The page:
Context

The Constitution (123rd Amendment) Bill has brought controversy over whether it amounts to encroaching on the domain of the States.

 All you need to know about the Constitution (123rd Amendment) Bill

  • In April, 2017, the Constitution (123rd Amendment) Bill was introduced in the Lok Sabha by The Minister of Social Justice and Empowerment, Mr. Tharwarchand Ghelot.
  • The Bill was introduced alongside the National Commission for Backward Classes (Repeal) Bill, 2017.
  • The Constitution (123rd Amendment) Bill, 2017 seeks to grant the National Commission on Backward Classes (NCBC) constitutional status by inserting anew article 338 B in the Constitution
  • National Commission for Scheduled Castes (NCSC) had the power to look into complaints and welfare measures with regard to Scheduled Castes, backward classes and Anglo-Indians.
  • The proposed commission will have a chairperson, vice-chairperson and three other members and hear the grievances of socially and educationally backward classes, a function discharged so far by the NCSC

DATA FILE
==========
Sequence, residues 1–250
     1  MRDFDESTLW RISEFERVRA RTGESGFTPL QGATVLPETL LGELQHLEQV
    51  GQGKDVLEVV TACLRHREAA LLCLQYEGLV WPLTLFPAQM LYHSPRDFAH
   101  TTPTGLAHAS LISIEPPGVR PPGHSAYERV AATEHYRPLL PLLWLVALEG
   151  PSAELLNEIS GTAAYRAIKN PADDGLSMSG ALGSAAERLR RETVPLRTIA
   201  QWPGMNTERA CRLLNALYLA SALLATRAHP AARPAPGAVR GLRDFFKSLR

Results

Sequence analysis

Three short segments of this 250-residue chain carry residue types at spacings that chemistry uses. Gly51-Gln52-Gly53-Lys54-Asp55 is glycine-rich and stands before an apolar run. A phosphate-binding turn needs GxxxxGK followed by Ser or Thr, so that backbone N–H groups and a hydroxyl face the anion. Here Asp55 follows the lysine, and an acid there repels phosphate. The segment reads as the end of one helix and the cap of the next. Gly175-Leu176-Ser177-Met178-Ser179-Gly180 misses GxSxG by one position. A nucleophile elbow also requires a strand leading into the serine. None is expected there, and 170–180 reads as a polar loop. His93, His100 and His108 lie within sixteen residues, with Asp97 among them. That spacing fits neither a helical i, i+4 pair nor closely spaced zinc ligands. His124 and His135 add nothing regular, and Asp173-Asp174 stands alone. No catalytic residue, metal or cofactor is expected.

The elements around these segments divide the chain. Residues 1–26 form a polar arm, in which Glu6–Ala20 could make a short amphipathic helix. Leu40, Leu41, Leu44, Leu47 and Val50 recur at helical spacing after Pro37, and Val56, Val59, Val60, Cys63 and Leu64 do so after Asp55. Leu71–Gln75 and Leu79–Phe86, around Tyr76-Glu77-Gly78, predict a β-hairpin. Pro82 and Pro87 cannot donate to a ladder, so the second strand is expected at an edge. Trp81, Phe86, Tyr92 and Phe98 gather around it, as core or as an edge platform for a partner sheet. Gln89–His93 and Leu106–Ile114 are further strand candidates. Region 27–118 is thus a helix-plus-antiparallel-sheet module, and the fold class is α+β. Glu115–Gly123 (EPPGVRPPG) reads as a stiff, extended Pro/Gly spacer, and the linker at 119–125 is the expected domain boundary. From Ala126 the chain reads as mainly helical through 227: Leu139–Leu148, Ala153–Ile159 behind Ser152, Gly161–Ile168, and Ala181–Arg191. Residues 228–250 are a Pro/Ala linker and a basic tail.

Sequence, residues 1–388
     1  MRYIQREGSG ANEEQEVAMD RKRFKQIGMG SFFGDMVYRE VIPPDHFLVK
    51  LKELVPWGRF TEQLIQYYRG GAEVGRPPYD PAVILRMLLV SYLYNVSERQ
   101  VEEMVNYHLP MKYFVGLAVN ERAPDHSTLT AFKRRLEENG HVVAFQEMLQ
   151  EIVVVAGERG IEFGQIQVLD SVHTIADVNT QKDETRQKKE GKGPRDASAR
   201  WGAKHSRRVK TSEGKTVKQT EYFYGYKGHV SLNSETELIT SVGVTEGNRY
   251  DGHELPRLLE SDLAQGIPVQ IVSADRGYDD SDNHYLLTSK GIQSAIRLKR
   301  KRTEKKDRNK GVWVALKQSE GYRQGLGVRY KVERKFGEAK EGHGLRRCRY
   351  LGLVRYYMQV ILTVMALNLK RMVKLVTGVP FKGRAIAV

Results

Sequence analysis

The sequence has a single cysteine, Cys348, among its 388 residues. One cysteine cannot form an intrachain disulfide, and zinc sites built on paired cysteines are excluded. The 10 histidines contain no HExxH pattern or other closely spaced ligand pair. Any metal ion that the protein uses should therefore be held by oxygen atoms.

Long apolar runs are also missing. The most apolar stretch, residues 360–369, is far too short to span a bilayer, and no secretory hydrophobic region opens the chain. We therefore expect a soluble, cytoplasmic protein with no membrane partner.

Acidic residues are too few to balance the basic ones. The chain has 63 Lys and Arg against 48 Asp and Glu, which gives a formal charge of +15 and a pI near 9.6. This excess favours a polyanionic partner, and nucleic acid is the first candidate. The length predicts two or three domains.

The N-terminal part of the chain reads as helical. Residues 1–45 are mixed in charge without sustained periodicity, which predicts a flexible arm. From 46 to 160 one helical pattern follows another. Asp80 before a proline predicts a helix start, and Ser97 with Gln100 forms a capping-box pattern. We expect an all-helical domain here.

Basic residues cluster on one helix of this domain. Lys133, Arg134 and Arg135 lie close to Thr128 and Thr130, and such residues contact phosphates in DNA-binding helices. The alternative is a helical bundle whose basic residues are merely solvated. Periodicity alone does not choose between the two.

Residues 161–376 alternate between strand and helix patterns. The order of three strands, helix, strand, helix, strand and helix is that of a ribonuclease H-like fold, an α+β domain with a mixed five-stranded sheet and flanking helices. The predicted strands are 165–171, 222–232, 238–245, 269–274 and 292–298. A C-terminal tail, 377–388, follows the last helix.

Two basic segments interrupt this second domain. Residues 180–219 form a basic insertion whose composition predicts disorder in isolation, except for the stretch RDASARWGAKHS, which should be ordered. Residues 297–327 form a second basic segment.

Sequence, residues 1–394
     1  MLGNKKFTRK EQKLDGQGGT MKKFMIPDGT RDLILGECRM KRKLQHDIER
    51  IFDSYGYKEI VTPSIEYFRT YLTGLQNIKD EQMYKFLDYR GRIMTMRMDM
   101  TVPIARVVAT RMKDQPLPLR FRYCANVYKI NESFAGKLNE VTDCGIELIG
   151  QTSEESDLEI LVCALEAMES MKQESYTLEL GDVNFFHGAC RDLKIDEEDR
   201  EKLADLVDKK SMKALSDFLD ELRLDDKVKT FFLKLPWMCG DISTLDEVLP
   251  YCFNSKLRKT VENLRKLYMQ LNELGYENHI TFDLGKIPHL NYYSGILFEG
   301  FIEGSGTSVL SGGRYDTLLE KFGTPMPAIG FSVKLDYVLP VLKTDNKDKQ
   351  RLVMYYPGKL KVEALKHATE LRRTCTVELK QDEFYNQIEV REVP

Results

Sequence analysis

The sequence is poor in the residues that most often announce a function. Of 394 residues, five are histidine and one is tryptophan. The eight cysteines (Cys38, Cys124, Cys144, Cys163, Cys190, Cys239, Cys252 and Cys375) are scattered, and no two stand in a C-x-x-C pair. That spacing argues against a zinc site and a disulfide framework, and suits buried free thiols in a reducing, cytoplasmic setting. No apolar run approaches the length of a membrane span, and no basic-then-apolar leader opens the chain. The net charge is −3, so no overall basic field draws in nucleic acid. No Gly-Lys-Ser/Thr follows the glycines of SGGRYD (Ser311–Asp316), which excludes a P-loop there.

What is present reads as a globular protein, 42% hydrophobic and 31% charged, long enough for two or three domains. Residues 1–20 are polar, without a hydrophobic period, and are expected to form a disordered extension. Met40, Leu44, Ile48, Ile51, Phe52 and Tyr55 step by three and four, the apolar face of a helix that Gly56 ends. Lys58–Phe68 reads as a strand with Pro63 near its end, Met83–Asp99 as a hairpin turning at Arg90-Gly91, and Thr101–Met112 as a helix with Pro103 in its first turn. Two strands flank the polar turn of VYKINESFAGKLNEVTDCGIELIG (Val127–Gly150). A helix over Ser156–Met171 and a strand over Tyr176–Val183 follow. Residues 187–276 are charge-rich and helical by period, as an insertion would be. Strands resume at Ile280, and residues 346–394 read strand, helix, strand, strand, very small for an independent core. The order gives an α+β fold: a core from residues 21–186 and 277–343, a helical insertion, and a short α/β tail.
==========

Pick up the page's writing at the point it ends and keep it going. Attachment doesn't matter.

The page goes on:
• Further, the Bill seeks to establish the NCBC under the Constitution (Article 338B), and provide it the authority to examine complaints and welfare measures regarding socially and educationally backward classes.
  • The Constitution Amendment Bill states that the President may specify the socially and educationally backward classes in the various states and union territories (Article 342-A).  The President may do this in consultation with the Governor of the concerned state.  However, a law of Parliament will be required if the list of backward classes is to be amended.

Significance of the Bill

National Commission for Backward Classes with constitutional status at par with the National Commission for Scheduled Castes and the National Commission for Scheduled Tribes is expected to safeguard the interests of socially and educationally backward classes more effectively.

Controversy over the Bill

  • The Constitution (123rd Amendment) 2017, has been largely appreciated but also raises anxieties.
  • Several opposition parties are of the opinion that if enacted, the bill would undermine federalism, as it may lead to usurping the State government’s power to prepare their own BC list.